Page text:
Friday, March 07, 2003

It's Steven Den Beste

You should read it. QED.

(Okay, a bit more: Mr Den Beste points out that President Bush, yet again, has outfoxed the weasels. The French have no where to go except to get in line behind us, or show themselves as being, plain and simple, opponents of the United States. Baghdad by April 1. Tehran in a counterrevolution by Thanksgiving).
East Bay News
Go Get 'em 91st!

The 91st Division (California National Guard) has been called to active duty. The 91st(!?) you ask. The 91st, I say.

It's a training and certification unit based at Camp Parks in Dublin, California, just a couple of laden swallow flights away from Earthling Headquarters. Mostly, they clear other units as prepared for deployment, but that's an important part of the war effort, too.

So, my hat's off to everyone in the 91st!
The One on the Left... No, the one on the Right. Titov! Gagarin!

Here's a little bit on Chen Long, rumoured to be China's first astronaut ("taikonaut") come October.

Chen Long is, in fact, the one on the left.
Not Tonight, Honey, I have a giant blister of smallpox on my arm

I'm all for sleeping close to one's sweetie, but if I get a smallpox innoculation, I think I'll sleep on the couch for Bog's sake!.
Limbaugh can take care of himself, I'm sure

This bit in the article about the new Clinton-Dole segment on 60 Minutes caught my eye:

Former Clinton spokesman Joe Lockhart said that Limbaugh should "keep his mouth shut" and that the debates are "just one way to continue being part of the public service system," in addition to Clinton's global work on AIDS and other issues.

I'm not particularly in the business of defending Rush Limbaugh -- I listen to his show maybe 20 minutes a month -- but in this hyper sensitive climate, if a former Bush Administration official had told, I dunno, Bill Press to "keep his mouth shut" we'd hear nothing but howels of "censorship" and of attempts to "stifle the debate".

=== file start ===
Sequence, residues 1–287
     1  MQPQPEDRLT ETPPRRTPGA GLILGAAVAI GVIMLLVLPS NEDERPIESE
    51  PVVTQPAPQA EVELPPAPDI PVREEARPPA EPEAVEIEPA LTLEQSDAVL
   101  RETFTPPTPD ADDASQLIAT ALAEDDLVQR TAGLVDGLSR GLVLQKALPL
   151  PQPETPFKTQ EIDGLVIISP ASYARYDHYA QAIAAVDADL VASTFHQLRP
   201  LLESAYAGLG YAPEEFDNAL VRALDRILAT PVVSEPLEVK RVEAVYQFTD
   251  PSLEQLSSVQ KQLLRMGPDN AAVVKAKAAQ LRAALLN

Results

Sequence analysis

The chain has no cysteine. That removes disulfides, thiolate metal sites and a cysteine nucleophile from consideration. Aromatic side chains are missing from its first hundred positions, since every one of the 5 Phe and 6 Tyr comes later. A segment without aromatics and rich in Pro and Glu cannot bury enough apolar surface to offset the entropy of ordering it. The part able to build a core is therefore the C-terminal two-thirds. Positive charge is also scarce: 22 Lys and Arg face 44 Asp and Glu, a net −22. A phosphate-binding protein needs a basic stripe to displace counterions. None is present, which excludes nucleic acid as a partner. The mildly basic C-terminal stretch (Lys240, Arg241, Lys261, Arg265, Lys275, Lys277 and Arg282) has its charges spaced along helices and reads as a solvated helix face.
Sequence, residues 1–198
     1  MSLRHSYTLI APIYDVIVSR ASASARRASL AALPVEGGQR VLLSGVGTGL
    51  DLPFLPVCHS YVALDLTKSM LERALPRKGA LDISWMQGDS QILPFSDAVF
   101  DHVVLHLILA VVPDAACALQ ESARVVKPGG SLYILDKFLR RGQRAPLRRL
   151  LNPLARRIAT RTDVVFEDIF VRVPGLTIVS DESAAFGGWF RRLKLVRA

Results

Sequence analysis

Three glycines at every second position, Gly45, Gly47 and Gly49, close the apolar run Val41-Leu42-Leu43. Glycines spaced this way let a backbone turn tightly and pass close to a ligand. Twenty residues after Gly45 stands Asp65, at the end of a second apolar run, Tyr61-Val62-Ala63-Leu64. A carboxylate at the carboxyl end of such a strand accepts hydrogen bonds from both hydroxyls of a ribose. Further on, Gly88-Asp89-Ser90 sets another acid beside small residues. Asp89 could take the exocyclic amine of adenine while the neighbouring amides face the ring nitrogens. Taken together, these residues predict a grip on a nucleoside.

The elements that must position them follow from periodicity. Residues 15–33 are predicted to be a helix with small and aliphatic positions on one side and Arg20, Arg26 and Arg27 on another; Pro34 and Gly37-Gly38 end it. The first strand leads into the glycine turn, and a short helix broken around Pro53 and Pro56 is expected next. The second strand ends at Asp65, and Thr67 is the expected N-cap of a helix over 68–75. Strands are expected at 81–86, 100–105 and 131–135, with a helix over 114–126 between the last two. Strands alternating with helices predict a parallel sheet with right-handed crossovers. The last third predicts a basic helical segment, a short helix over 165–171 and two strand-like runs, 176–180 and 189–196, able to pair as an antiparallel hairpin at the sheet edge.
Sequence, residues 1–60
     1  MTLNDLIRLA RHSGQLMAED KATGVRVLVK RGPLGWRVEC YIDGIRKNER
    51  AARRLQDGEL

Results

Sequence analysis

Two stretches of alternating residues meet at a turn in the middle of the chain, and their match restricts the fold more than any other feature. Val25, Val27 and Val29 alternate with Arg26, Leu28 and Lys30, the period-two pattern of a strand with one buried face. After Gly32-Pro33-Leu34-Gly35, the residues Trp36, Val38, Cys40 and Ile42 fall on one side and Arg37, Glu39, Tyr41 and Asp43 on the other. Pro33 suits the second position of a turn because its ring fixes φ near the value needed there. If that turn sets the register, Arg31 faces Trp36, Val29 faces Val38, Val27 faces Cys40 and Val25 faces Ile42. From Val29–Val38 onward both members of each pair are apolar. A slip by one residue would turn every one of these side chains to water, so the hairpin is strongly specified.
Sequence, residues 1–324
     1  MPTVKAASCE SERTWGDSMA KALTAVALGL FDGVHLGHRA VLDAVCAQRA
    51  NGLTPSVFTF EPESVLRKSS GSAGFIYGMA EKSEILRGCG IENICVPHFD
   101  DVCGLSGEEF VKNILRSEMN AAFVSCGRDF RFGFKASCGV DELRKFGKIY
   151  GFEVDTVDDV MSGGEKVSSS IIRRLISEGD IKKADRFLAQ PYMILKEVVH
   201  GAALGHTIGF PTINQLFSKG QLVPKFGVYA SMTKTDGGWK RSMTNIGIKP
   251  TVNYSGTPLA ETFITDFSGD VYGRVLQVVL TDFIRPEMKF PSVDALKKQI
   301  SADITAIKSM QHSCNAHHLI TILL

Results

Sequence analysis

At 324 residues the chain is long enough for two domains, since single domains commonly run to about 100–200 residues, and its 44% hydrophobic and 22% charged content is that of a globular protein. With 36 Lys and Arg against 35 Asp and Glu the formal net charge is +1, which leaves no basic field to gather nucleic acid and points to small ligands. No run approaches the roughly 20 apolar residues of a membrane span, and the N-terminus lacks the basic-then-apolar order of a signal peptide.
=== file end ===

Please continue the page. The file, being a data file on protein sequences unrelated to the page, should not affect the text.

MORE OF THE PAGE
Is there something you'd rather be doing than marching up and down the square?

This is a curious article from the Evening Standard, that notes that the British troops are ill-equiped, lacking chemical warfare equipment, certain weaponry and, most importantly, good food.

I had always been of the impression that while Europe had let her armies atrophy over the last fifteen years or so, Her Majesty's Armed Services has reduced in size, but improved in quality. Perhaps this isn't quite right and this might explain part of Tony Blair's delay -- one bad day for the British Army could spell Blair's doom. If this is true, it certainly explains why the U.S. is going to take Baghdad, while the British will hold Basra and the south --- Saddam's keeping his best chemical warfare stocks in Tikrit and Baghdad, so British troops might avoid the brunt of that by staying south.

Thursday, March 06, 2003

Saddam's Final Insult

Saddam is apparently providing his paramilitary units with British and US Forces uniforms so he can slaughter his own people and blame it on our troops.

"This campaign of fear and misinformation would represent the latest chapter in Saddam Hussein's long history of brutal crimes against the innocent people of Iraq," [CENTCOM Spokesman James] Wilkinson said.